IMF offers US$ 50 billion to help address Coronavirus
Header image: Kristalina Georgieva, managing director of the International Monetary Fund.
The International Monetary Fund (IMF) is making available about US$ 50 billion through its rapid-disbursing emergency financing facilities for low income and emerging market countries that could potentially seek support following the Coronavirus outbreak. Of this, US$ 10 billion is available at zero interest for the poorest members through its Rapid Credit Facility.
“Over one-third of our membership has been directly affected. This is no longer a regional issue – it is a global problem calling for a global response. We also know that it will eventually retreat, but we don’t know how fast this will happen. We know that this shock is somewhat unusual as it affects significant elements of both supply and demand,” commented Kristalina Georgieva, managing director of the International Monetary Fund.
“Supply will be disrupted due to morbidity and mortality, but also the containment efforts that restrict mobility and the higher costs of doing business due to restricted supply chains and a tightening of credit. Demand will also fall due to higher uncertainty, increased precautionary behaviour, containment efforts and rising financial costs that reduce the ability to spend. These effects will spill over across borders,” she added.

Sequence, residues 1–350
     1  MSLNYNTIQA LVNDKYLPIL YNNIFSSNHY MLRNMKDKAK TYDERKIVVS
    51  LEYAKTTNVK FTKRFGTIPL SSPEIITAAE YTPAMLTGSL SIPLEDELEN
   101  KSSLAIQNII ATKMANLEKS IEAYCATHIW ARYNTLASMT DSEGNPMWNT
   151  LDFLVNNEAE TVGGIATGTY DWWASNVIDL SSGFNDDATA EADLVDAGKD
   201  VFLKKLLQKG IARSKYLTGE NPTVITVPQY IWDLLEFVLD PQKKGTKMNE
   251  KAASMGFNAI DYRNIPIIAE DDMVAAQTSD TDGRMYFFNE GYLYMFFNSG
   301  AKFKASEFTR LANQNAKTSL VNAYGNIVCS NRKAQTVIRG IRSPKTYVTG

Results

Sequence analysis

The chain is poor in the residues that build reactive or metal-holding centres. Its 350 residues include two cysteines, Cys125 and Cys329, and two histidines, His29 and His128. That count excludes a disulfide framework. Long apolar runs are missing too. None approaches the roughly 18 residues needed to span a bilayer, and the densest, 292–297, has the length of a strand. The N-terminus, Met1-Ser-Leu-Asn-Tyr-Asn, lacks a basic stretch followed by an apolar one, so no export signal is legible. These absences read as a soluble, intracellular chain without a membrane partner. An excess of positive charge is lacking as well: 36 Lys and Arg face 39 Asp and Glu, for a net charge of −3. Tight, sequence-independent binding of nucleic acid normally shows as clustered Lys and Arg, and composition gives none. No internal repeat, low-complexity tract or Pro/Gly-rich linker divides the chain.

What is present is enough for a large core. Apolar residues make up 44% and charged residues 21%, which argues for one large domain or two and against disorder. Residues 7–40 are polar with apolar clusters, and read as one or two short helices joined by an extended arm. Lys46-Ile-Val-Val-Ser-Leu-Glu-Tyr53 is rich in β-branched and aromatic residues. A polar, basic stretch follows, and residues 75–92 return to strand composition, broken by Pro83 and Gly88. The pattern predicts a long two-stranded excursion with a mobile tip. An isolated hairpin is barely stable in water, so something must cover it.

The IMF believes that about one-third of the economic losses from the disease will be direct costs: from loss of life, workplace closures and quarantines. The remaining two-thirds will be indirect, reflecting a retrenchment in consumer confidence and business behaviour and a tightening in financial markets. The good news, said Georgieva, is that ‘financial systems are more resilient than before the Global Financial Crisis. However, our biggest challenge right now is handling uncertainty’.
She added that, under any scenario, global growth in 2020 will drop below last year’s level. How far it will fall, and for how long, is difficult to predict, and would depend on the epidemic, but also on the timeliness and effectiveness of the IMF’s actions. This is particularly challenging for countries with weaker health systems and response capacity—calling for a global coordination mechanism to accelerate the recovery of demand and supply.